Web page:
Last week’s Budget confirmed the Government will push ahead with its plans to restrict higher-rate tax relief on pensions. Rarely has the industry been so united in its opposition to a pension policy with providers, advisers the National Association of Pension Funds and Tisa among those queuing up to attack the plans and offer alternatives that would generate similar revenues.
A consensus seemed to have developed around reducing the annual allowance as a fairer way of collecting extra revenue if the Government had its heart set on targeting higher-rate relief. In the end, Alistair Darling was not for turning despite the huge lobbying campaign.
Some might say it was fitting that in what may well be this administration’s final Budget, it passed through another kick in the teeth to the pensions industry after beginning in 1997 with its infamous raid on pension funds. So, what would the Tories do? This month, Retirement Strategy caught up with Conservative Shadow pension minister Nigel Waterson ahead of the general election to hear his plans for reform should the Tories get elected.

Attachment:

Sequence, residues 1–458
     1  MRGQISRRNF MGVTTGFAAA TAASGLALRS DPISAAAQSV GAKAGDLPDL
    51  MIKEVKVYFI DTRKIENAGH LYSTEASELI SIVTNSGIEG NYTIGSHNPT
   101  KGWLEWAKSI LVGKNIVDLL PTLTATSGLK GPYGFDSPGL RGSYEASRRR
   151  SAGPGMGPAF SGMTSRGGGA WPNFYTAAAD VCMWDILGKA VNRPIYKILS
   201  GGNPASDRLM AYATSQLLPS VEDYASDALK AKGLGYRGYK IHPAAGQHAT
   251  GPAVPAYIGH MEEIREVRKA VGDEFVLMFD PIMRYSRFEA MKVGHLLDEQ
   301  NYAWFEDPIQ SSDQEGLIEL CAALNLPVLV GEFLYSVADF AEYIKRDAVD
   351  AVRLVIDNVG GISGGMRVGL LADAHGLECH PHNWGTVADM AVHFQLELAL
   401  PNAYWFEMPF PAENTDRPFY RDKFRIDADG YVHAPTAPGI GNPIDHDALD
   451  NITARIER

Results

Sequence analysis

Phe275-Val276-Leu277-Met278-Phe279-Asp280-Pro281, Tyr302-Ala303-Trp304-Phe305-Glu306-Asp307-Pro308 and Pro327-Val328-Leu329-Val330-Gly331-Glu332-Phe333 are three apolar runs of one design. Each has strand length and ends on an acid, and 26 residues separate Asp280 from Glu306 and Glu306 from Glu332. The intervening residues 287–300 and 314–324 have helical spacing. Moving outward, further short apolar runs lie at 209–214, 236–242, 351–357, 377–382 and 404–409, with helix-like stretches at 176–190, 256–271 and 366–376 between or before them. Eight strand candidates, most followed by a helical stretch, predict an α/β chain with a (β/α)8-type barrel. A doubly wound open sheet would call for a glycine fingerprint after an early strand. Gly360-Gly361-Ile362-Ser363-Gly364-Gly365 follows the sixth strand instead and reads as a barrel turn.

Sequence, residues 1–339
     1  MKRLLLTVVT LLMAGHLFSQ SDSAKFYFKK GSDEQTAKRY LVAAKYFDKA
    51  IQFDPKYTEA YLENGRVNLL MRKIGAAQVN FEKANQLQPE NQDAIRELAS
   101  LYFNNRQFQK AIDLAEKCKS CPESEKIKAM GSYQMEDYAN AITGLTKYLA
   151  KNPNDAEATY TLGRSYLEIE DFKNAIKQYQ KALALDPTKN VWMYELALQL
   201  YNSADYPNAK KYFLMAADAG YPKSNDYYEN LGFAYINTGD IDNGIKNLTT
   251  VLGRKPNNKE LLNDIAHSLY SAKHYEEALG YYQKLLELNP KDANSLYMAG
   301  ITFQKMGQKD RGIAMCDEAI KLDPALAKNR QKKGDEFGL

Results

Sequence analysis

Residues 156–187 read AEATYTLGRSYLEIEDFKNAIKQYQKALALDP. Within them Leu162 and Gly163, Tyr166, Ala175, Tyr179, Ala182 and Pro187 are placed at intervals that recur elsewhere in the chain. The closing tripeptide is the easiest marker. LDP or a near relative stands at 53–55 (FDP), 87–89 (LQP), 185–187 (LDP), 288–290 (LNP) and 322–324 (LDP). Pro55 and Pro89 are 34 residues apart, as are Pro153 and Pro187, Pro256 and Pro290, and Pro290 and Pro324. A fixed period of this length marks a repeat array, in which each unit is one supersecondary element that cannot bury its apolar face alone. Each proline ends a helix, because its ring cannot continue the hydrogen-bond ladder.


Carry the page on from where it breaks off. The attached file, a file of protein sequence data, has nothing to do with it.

He describes the new restrictions on pension tax relief as a “very bad idea” although he is careful not to commit to any reversal, suggesting it is a matter for the Tory Treasury team.Waterson does however lay out the pension priorities for an incoming Conservative Government, including a review of Nest, scrapping forced annuitisation and reform of public sector pensions.
How brave the Conservatives will be on public sector pensions, if elected, is likely to depend on the size of their majority and it is unlikely we will see much detail of possible reforms this side of the election.
Elsewhere in Retirement Strategy, Retirement Plus chief executive Duncan Young tries to put on a brave face and be optimistic about the year ahead for equity release. Retirement Plus is one of the large number of providers who have suspended new lending due to funding difficulties but Young explains why he believes things may be set to change, slowly.
In the aftermath of last December’s RDR consultation paper, Friends Provident director of UK corporate James Ward and Corporate Adviser editor John Greenwood go head to head on the extent to which commission damages the group pension market.
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